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Children Of The Air

Children Of The Air

No one quite knows where they come from or who they belong to. All anyone knows is that, like clock work, they appear on our planes with their little identification tags once every two weeks or month. Who are they? I call them “children of the air.” They are the remnants of the American dream, an American dream that shattered with a court decree. This is what happens, my friends, when a mommy and daddy decide to part ways.

I know that divorce is not something anyone wants to hear about. We’ve heard it already. Many of us, including myself, have lived through it, and frankly we’re tired of it. How could we not be tired of something that has affected around 50 percent of our country? So we move onto world hunger, soiled politics and wars. At least these problems, we think, stand a chance of being fixed. Yet, as much as I wish to ignore the children I sit by in the plane, I can no longer pretend like I wasn’t one of them. I can no longer hide from the fact that being a child of the air broke me. I can’t ignore the work God has done in my life nor what He so desperately wishes to do in their lives.

This must sound so dramatic, especially to those of you who have survived this experience. I know what you would probably say: “I’m fine. Things could have been worse. I know my parents loved me. There was no other way, so why even think about it?” This is what the children on the planes say. This is what I said. They want so badly to be normal. They want to be like the children in the rows behind them sitting with their parents on either side. Yet, God through my own life has shown me that this dream can only become a reality if we let Him take away the hurt that life tells us we need to ignore.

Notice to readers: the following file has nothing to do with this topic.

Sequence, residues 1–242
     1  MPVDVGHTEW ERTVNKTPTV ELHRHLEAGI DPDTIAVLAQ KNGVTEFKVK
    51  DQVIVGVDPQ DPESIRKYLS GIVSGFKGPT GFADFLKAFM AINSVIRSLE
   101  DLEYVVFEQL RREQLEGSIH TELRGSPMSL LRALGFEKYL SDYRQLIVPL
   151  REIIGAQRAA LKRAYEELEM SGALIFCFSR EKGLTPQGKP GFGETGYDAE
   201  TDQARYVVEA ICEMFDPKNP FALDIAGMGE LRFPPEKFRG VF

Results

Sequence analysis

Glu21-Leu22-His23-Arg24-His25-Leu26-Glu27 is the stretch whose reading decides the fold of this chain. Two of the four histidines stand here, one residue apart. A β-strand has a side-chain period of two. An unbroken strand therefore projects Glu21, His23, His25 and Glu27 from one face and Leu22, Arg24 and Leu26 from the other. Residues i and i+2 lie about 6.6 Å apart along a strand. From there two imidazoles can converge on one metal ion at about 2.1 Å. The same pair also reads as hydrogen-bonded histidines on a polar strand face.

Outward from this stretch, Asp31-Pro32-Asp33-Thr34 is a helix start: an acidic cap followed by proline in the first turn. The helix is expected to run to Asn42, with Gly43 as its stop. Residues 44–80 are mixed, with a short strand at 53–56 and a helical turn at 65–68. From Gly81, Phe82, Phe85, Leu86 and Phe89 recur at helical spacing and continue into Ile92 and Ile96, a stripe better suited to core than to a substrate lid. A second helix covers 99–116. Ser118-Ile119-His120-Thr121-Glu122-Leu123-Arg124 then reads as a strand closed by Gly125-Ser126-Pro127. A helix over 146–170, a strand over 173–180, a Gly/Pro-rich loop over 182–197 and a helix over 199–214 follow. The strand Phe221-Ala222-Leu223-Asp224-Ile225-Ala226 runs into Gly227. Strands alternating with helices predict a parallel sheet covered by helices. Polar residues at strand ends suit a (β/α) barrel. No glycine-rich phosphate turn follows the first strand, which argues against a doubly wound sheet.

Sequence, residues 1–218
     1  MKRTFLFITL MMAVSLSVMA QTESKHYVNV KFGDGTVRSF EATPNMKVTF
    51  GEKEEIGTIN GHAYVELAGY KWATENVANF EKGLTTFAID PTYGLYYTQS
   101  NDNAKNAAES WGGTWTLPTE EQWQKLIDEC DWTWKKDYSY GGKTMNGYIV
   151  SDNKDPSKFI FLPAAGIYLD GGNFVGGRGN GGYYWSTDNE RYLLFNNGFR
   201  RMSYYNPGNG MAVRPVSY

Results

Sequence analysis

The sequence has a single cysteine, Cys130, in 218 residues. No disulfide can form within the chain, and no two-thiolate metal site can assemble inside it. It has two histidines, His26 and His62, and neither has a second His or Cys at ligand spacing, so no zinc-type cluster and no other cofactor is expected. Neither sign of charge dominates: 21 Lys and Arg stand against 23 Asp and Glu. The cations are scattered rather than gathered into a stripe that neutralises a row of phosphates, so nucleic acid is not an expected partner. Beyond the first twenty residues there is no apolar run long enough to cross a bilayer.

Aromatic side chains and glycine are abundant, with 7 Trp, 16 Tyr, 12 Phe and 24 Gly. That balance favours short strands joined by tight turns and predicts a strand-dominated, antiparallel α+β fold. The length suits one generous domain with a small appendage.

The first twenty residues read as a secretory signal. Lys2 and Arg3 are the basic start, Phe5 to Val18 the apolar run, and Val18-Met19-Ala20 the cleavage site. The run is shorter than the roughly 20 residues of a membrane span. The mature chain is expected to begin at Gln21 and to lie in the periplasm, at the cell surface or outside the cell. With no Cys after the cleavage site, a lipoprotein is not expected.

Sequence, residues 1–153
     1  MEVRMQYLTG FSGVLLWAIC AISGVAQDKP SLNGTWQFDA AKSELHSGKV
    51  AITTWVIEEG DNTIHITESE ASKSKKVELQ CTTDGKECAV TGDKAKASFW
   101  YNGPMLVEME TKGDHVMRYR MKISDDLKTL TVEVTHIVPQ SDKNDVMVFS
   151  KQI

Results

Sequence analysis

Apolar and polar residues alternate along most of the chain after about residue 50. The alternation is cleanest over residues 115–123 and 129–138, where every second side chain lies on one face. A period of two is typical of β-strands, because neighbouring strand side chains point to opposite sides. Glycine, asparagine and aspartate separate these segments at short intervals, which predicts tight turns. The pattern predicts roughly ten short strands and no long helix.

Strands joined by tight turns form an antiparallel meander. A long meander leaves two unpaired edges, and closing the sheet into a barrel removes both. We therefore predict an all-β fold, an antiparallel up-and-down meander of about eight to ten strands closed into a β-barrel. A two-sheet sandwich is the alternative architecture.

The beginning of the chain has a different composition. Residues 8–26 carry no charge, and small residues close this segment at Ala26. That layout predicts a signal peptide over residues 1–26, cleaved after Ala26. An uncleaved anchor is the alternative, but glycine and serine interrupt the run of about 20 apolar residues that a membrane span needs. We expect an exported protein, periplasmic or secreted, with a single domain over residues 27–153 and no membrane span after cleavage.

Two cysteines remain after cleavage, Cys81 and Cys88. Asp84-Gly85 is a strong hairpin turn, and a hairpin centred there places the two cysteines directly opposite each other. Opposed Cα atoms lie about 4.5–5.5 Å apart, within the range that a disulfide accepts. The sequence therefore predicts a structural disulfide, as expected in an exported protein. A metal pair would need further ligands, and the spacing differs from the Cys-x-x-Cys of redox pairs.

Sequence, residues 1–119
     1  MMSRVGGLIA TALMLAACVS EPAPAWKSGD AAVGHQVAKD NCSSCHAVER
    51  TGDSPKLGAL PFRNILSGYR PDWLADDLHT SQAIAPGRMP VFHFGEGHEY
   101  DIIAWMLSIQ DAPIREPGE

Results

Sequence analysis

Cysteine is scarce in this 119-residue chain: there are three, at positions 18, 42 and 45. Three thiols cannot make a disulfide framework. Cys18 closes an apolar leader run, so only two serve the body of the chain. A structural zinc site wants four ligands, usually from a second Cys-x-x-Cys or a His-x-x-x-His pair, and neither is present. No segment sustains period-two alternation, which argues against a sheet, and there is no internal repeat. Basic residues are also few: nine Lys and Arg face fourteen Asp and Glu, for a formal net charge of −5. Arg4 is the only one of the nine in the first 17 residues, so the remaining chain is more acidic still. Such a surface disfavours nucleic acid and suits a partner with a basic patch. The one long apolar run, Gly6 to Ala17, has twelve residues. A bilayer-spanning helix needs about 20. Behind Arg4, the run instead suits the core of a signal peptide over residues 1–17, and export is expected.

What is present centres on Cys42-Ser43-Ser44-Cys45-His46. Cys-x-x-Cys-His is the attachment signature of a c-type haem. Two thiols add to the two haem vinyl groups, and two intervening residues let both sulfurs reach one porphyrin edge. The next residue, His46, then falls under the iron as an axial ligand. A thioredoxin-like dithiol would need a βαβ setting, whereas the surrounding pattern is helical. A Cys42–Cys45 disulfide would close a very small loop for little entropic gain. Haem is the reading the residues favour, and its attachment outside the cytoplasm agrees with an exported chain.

Admit it. It hurts to be caught in the middle of two feuding families. It hurts to be told, “Don’t use that tone with me. You sound just like your father,” or “Don’t act like that. Do you want to turn into your mother?” No matter how hard I tried not to, I felt like the bad guy. How could I not when every moment or feeling I gave to one side was somehow traitorous toward the other. Saying all that, no one would have ever guessed this was how I felt. Growing up, I would have never spoken of my life this way. It was my life, and I didn’t know any other. By God’s grace, now I do.

When I arrived at college this year, I thought I had it all together. Yes, I suppose that makes me the perfect freshman. To make matters worse, I really did think I knew everything. While I supposed other teenagers my age were trying to “find themselves,” I figured I already knew who I was. Boy was I wrong. In my first class, my professor said something I don’t think I’ll ever forget, “College is the perfect time to let God heal your past.” Before I could stop myself, I thought of my parents’ divorce. Immediately I pushed it to the back of my mind. I’m over it, I thought. God later taught me that healing comes from Him, not from our own determination to be better. I never dealt with my parents divorce. This is the problem I see in America today. Because divorce is so rampant, people don’t deal with it. It hurts to let God heal us. Trust me, I know, but to not let Him heal us is so much worse. We can’t run this race injured. Don’t buy the lie, “I’m okay,” or “It’s not a big deal.” No matter how brave or strong you are, divorce is a big deal, and yes, you can be okay, but why not allow God to make you great? Just surviving was not what He intended, but I’m afraid that “just surviving” is what children of the air are doing.

Children of the air have no control over their circumstances. Honestly, there is very little that can be done for them. My suggestion is to just be kind to them and to pray for them. Pray that God protects them and doesn’t let their hearts harden. I can’t tell you how many college students are impervious to love because their hearts were broken and never healed. If you are like me, then please make sure you’ve let God take away whatever damage was done. Let Him and others love you. If you can do that, then you can no longer call yourself a child of the air. You are solely a child of God. You see, lost love breeds children of the air. It’s God’s love that makes us His children. We must face the fact that the American dream is broken. So let’s live out God’s dream. Let’s make wise choices and try to keep our children from becoming the next generation of children of the air. It’s time.

[Katherine Adair, 18, attends Ouachita Baptist University. Her major is Christian studies and her minor is creative writing.]


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